Drug conviction stands despite tainted warrant

Peter Vieth//April 20, 2018

Drug conviction stands despite tainted warrant

Peter Vieth//April 20, 2018

PThe discovery that a former Richmond police officer may have lied to obtain search warrants for drug suspects has helped undo convictions for 11 criminal defendants. But one man who pleaded no contest in 2010 to marijuana possession with intent to distribute will keep his felony record.

The Supreme Court of Virginia said a circuit judge was not wrong to reject a joint motion to vacate the man’s conviction.

The court’s unpublished order in Terry v. Commonwealth (VLW 018-6-026) is the latest development in the wake of Officer Jason Norton’s work as a detective. At least nine defendants convicted based on Norton’s evidence have had convictions vacated. At least two may have recovered settlement money for their trouble. Lawsuits involving seven defendants remain pending.

In Terry’s case, the state switched positions when the case moved from the trial court to the appellate courts. The Richmond commonwealth’s attorney’s office had joined Terry in asking Judge Bradley B. Cavedo to vacate Terry’s conviction, but the state attorney general’s office opposed exoneration on appeal.

Informant confusion

Terry was arrested after a search of a Richmond home based on a search warrant obtained by Norton. Terry pleaded to possessing more than a half-ounce but not more than five pounds of marijuana, with intent to distribute. He received a five-year sentence with all but two months suspended.

Word surfaced in 2015 that there were problems with the affidavits Norton had prepared to persuade judges to issue search warrants. The descriptions of informants Norton worked with were inconsistent.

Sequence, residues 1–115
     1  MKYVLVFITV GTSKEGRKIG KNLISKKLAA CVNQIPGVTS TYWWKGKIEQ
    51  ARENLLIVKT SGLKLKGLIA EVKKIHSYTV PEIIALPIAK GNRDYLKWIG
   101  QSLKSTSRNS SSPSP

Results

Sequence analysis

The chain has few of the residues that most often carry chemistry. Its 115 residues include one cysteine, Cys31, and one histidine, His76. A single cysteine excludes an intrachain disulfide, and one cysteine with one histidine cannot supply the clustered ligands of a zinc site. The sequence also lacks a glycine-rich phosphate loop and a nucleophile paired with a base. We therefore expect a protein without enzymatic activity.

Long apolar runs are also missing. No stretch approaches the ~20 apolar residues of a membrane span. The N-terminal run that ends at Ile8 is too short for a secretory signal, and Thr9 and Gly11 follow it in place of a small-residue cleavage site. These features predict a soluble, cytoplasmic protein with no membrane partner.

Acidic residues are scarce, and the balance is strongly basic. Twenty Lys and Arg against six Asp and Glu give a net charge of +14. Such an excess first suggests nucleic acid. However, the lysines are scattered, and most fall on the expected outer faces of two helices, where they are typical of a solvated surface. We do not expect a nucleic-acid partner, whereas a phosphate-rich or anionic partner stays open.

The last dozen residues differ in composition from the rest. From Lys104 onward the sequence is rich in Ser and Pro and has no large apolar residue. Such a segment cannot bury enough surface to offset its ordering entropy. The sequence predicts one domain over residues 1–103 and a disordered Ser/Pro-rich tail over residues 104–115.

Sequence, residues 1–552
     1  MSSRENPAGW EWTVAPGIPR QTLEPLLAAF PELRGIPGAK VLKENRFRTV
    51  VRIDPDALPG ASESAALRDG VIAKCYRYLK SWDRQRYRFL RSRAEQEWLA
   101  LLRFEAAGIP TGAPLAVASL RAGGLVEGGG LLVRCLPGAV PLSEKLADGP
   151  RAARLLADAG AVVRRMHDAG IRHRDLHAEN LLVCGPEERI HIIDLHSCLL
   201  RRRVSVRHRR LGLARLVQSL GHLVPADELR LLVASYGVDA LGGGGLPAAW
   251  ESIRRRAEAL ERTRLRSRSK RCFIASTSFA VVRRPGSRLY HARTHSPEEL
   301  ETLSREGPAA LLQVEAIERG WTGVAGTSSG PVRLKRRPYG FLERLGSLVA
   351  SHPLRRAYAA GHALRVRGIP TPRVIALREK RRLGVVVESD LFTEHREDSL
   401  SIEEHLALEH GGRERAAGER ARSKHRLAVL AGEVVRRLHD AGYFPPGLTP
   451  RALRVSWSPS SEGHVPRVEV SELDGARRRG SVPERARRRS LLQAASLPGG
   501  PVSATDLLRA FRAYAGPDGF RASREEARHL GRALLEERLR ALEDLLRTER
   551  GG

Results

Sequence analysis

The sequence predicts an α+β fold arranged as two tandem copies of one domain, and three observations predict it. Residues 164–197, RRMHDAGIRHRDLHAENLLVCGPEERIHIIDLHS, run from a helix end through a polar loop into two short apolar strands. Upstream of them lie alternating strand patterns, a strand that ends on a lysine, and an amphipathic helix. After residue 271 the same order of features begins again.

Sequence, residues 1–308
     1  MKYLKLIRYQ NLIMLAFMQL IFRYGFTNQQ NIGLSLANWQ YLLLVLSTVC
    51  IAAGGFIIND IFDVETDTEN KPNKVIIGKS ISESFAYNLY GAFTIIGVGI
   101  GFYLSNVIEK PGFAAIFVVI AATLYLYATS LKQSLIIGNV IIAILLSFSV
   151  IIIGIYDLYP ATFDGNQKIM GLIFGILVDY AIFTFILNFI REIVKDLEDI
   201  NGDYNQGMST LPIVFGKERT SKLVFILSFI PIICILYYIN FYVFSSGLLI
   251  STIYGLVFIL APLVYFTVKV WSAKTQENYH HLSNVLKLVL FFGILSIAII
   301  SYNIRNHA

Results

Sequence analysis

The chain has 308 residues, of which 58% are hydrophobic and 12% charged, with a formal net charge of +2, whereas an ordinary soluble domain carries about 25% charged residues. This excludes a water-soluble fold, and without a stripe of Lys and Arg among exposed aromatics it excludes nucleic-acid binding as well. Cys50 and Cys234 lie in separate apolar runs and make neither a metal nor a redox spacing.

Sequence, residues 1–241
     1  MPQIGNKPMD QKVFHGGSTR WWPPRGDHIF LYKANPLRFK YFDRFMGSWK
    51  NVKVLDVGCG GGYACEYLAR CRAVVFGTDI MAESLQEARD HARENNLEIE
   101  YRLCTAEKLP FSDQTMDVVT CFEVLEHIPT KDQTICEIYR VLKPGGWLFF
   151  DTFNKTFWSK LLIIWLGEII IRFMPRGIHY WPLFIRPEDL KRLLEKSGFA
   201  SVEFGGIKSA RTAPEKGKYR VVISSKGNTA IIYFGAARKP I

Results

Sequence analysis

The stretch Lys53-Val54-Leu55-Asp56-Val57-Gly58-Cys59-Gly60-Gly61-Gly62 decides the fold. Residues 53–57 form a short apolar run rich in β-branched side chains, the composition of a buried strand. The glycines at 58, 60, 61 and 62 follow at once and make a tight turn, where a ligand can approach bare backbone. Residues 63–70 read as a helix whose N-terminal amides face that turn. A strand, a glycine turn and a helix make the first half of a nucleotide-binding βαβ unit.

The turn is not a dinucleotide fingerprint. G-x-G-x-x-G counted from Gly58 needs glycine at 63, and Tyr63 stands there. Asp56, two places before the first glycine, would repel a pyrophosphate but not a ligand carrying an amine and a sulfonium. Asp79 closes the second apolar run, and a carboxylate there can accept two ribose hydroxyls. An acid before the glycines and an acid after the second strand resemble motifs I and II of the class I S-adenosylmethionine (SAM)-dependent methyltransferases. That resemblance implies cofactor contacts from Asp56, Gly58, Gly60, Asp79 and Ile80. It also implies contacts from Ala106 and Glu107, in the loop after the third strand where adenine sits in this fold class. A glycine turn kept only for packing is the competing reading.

“In some cases, Norton provided different resumes for the same informant, and in other instances, he provided the same resume for different informants,” according to a federal lawsuit. “In either case,” the complaint read, “Norton was lying about the identity or reliability of his informants.”

The only reasonable conclusion “is that Norton was simply making the resumes up,” the suit said.

Convictions vacated

Acknowledging Norton’s search warrants were likely tainted, Richmond prosecutors filed motions to vacate conviction in 15 cases involving Norton search warrants. Two additional motions were filed by defense counsel, according to Richmond Assistant Commonwealth’s Attorney Patrick W. Dorgan.

To date, 12 convictions involving 11 defendants have been vacated. Three additional motions have not yet been litigated while the Terry case was pending, Dorgan said.

In Terry’s case, prosecutors pointed to specific problems with the search warrant affidavit. A statement about the informant’s prior cases was inconsistent with a prior statement by the informant. The informant claimed Terry was selling heroin, but no heroin was found. Terry said the marijuana bust was his only felony conviction.